Diego Rodriguez de Silva y Vélazquez was born in Seville in 1,599. It is considered that his artistic career began under the tutelage of Herrera "El Viejo" (the elder), with whom Velazquez stayed for a short period; and by 1,610, Velazquez was an apprentice under Francisco Pacheco. Seven years later, Velazquez will successfully passes the artist's guild exam and the following year he will marry Juana Pacheco, the daughter of his teacher and future admirer, who surrounded him with men of letters, making of his studio a place for thriving literary and philosophical discussions.
During this period of his life, Velazquez is greatly influenced by the dark paintings of the time, especially those of Rivera, showing an inclination towards naturalism. "La Vieja Friendo Huevos" (The Old Lady Frying Eggs) or "El Aguador" (The Waterer) are pieces from this time and show a vibrant realism, where the object seem to have a life of their own. In these paintings the problem of lighting begins to be considered, where Velazquez opts for a sinister and obscure style, much like the style of Caravaggio.
By 1,622, he travels to Madrid with his disciple and servant, Diego Mendrado. He visits El Escorial and meets the writer Luis de Gongora, of whom he paints a portrait.
The following year, and thanks to the Count-Duke Juan Fonseca, Velazquez travels once again to Madrid to paint a portrait of the Royal Family. In this trip, Velazquez paints a portrait for Fonseca and for Philip IV, who after the painting names the artist the Royal Chamber artist. While in the Court, he has the opportunity to study the royal collections of masterpieces, since the King was quite knowledgeable of the Italian art and a good collector of the same. Velazquez's art however earns him the rivalry of Madrid's painters, especially that of Carducho.
Velazquez guides Rubens through the royal collection of El Escorial in his visit to Spain in 1,628. Rubens greatly influences him so much so that Velazquez begins painting mythological scenes such as those of the "Borrachos (The Drunkards) and the Triumph of Baccus. By the following year, the artist travels to Italy, where he learns the rich chromatism of the Venetian school, and Velazquez abandons his gloomy tendencies. To this period belong the Tunic of Joseph and the Forge of Volcanus. Velazquez now begins to shift his attention from lighting to landscapes and the human body; his paintings become more uplifting and open, modern and luminous.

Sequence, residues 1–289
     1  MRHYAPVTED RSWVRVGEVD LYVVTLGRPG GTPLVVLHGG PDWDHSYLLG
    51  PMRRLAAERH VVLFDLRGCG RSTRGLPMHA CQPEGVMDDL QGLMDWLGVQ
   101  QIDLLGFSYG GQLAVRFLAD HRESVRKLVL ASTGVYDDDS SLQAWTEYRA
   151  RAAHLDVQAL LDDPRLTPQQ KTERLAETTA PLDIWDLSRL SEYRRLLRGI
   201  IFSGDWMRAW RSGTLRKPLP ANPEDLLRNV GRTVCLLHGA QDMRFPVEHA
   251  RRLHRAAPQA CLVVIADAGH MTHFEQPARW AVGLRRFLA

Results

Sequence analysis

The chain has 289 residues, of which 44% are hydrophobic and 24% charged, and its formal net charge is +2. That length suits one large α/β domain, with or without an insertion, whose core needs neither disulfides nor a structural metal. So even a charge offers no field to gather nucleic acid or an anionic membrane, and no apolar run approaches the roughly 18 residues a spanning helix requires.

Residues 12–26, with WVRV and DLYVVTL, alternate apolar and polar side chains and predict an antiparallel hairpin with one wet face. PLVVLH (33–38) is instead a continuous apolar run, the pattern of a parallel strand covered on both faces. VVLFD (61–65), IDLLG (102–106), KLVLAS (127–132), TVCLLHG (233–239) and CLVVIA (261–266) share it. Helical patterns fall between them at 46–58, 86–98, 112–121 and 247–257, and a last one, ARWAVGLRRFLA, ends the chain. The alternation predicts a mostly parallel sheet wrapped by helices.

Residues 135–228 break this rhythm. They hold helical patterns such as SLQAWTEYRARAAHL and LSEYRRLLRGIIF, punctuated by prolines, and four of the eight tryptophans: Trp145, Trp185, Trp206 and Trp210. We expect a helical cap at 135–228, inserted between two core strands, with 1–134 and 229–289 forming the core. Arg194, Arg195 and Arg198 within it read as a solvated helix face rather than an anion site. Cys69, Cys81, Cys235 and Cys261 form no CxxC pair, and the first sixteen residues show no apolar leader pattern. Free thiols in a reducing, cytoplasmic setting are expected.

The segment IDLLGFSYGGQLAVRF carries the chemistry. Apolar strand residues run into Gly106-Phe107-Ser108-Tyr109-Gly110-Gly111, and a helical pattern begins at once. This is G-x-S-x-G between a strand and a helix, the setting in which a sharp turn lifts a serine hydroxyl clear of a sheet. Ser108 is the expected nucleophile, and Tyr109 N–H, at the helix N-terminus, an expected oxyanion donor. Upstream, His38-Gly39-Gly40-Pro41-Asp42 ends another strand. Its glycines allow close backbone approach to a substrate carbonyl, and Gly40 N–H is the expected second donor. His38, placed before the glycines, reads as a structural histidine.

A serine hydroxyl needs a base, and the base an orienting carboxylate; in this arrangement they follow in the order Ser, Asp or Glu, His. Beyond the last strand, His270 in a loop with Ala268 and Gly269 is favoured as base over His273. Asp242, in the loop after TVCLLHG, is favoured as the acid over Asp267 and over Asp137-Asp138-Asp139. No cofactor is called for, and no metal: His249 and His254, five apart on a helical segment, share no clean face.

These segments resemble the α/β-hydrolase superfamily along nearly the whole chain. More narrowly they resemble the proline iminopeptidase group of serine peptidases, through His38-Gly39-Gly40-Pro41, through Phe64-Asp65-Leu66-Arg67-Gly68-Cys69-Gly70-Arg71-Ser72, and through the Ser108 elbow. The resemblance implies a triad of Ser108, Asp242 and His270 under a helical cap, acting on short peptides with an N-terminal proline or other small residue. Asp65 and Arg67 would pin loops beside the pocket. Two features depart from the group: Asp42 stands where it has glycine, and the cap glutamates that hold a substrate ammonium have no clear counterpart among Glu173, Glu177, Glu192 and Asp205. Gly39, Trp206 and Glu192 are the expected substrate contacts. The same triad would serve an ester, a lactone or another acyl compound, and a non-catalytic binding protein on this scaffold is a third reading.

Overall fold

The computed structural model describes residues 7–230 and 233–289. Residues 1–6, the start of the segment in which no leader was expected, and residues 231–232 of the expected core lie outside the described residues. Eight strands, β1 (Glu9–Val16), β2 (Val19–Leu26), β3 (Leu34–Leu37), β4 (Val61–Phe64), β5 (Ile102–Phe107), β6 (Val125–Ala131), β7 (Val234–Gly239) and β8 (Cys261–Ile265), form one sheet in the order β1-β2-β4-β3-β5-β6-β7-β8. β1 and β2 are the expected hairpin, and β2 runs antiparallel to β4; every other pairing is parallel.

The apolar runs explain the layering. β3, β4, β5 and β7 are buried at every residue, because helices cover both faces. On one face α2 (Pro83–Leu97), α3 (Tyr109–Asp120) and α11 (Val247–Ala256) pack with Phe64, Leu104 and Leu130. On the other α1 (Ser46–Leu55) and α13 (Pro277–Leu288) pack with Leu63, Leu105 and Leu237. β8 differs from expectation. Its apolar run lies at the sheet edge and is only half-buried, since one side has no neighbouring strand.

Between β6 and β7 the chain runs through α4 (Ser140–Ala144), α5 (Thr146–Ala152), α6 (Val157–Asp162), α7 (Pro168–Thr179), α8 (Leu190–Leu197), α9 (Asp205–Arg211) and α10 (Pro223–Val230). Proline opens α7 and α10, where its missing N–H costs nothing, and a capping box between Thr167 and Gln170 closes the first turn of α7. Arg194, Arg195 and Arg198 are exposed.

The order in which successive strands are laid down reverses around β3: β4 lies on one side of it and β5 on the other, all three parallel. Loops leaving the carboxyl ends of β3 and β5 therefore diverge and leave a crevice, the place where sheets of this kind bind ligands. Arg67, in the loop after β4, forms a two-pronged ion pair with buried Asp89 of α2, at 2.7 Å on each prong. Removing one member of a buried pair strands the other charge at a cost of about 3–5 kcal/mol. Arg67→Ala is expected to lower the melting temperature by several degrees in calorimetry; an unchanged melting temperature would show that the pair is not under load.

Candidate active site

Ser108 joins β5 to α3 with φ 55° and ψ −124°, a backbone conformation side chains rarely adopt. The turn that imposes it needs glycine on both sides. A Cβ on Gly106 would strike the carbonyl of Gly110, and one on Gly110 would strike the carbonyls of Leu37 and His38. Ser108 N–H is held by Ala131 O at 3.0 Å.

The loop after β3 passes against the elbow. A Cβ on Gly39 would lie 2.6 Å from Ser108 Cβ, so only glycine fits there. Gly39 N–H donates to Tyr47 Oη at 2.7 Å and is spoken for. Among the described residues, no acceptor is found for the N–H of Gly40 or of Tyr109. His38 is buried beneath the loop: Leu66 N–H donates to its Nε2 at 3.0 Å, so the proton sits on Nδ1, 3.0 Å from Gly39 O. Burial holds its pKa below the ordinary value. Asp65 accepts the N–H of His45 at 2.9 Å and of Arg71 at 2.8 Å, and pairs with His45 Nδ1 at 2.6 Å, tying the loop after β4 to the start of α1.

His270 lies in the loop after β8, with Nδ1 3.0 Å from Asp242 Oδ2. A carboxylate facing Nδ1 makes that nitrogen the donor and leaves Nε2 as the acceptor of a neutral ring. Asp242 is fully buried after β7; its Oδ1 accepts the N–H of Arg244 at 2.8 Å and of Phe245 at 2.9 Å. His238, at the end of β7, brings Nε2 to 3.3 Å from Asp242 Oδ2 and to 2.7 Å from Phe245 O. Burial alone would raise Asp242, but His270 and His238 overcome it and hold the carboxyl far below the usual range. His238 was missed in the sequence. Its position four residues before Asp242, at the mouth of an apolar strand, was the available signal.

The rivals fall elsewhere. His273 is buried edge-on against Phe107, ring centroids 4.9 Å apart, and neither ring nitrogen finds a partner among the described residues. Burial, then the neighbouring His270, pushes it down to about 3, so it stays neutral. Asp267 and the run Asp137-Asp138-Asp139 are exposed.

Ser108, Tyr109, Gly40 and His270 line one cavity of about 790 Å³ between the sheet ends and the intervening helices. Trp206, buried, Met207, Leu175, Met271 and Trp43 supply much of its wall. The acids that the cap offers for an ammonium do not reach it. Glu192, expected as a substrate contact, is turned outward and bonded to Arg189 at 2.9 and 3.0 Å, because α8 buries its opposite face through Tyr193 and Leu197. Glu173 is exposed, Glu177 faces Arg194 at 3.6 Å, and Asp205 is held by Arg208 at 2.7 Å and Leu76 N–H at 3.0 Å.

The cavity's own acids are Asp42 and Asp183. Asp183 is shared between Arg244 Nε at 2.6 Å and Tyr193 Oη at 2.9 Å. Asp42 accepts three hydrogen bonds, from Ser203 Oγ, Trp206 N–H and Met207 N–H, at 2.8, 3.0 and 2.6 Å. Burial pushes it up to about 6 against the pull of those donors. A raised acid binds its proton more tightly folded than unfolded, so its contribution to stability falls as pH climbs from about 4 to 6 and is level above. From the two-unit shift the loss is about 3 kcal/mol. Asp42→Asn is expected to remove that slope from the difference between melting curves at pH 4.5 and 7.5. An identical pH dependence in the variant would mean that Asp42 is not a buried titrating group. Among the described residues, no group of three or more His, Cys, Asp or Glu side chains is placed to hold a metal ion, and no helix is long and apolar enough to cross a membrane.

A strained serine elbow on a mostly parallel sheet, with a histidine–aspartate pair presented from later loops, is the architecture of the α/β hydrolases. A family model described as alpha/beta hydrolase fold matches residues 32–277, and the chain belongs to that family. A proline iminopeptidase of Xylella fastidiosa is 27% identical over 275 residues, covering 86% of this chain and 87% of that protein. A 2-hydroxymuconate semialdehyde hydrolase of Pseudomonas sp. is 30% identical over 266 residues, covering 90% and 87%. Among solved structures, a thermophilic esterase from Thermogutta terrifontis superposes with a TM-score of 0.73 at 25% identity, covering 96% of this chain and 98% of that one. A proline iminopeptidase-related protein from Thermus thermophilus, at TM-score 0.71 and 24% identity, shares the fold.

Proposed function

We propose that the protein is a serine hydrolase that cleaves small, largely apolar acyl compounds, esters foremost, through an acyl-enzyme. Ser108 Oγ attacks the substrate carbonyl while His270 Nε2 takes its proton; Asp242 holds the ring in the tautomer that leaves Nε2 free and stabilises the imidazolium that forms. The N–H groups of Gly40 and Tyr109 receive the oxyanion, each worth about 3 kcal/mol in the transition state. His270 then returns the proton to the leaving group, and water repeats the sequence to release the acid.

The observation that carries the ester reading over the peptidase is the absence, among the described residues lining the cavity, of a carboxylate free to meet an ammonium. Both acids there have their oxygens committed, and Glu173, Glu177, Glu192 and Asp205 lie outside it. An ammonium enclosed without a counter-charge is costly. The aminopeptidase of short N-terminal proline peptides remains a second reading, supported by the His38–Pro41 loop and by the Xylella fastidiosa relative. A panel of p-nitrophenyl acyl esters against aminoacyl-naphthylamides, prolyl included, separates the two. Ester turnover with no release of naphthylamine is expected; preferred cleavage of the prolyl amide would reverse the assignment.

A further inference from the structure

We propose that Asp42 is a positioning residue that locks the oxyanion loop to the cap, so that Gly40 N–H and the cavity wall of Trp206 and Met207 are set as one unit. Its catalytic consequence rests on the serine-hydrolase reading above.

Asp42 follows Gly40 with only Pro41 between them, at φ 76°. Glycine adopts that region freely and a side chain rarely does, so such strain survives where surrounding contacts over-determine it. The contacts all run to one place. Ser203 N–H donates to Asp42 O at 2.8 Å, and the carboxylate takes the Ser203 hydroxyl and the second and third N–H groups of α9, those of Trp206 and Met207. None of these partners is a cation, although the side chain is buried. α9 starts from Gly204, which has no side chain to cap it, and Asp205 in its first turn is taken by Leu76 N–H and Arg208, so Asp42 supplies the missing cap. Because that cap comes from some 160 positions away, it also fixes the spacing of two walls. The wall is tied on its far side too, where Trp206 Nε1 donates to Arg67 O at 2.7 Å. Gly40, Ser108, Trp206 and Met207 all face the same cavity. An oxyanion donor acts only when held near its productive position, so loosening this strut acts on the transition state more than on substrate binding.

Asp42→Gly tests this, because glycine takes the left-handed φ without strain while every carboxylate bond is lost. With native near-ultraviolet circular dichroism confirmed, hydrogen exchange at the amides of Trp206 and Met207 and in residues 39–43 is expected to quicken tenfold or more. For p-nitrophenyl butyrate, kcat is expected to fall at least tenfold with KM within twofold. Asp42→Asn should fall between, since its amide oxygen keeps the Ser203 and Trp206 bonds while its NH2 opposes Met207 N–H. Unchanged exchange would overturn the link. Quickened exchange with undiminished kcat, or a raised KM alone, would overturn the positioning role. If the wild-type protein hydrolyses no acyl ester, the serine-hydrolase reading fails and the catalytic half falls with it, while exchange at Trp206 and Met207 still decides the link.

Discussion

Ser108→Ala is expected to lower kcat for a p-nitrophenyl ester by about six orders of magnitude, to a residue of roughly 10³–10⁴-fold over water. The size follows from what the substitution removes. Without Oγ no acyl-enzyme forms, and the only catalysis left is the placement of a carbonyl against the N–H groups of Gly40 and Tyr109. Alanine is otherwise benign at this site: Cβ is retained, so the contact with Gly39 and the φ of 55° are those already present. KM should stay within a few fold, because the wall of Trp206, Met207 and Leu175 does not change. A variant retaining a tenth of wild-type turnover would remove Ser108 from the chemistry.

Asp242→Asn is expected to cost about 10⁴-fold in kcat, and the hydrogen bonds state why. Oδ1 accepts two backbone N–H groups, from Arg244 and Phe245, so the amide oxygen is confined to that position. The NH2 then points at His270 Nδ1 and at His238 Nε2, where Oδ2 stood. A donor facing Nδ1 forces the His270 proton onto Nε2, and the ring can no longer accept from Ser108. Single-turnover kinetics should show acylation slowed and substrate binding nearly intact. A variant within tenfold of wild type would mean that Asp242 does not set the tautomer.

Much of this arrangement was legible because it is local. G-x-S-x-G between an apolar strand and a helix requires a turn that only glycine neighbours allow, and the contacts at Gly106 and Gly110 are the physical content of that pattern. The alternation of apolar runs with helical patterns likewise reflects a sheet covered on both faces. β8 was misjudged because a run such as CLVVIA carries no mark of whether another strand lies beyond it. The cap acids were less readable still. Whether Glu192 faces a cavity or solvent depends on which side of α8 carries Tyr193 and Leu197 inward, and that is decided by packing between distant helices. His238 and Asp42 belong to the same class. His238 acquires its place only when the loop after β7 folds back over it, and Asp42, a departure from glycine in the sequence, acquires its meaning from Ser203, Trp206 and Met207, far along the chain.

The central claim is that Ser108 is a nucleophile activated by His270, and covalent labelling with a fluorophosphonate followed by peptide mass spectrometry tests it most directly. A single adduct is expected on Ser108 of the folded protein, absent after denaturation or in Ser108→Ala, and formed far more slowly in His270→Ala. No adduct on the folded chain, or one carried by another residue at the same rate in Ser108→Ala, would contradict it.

Upon his return of Madrid, he begins a prolific period of portraits in the court, where his style is being perfected. To this period belong The Surrender of Breda or The Lances, and the equestrian portraits of King Philip IV , the Count-Duke of Olivares, and of Prince Baltassar Charles; portraits of buffoons, and member of the court, such as Pablillos of Valladolid, and the Moron of Coria; as well as the paintings of classical mythology such as s Exopo and Mars.
BY 1,643, at the fall of Count-Duke of Olivares, which creates profound changes within the court, Velazquez is named to an administrative position, which creates an hiatus of his work. Six years later, he will return to Italy under the charge of King Philip IV to purchase more masterpieces. To this end , Velazquez visits Rome, Venetia, Naples, Modena, and Florence; places in which he is well received and admired. He paints the portrait of Pope Innocence X, and two small landscapes.
Two years later (1,651) Velazquez returns to Madrid maintaining his life of the court, to which he keeps adding to his library and collection of masterpieces. During the years of 1,656 and 1,658, Velazquez paints some of his most famous masterpieces: Venus of the Mirror, The Meninas, and "Las Hilanderas" (The Spinners).
Velazquez death in 1,660 (on the same day of Shakespeare's death), leaves a big void in Spanish artistry with no followers and no school to maintain his style. Velazquez belongs to the group of Sevillian artists, such as Alfonso Cano and Zurbarán, of the first generation of the baroque style of the 17th century. Moreover, his relations with some of the best artists of his time, allowed his art to transcend time and place, making him one of the master artist of the world.
Velazquez did not commit to one style, like his contemporaries, or theme; creating personal, religious, and mythical scenes in a wide variety of modes. He is a genius of the Spanish baroque, as well as European. His synthesis of the natural and the intellectual in the same painting are unique and free flowing; even Velazquez's sinister and gloomy masterpieces mix the scientific rationalism typical of the 17th century.
A new Meninas appeared. Velazquez painted another one which is in England. Read here about this.
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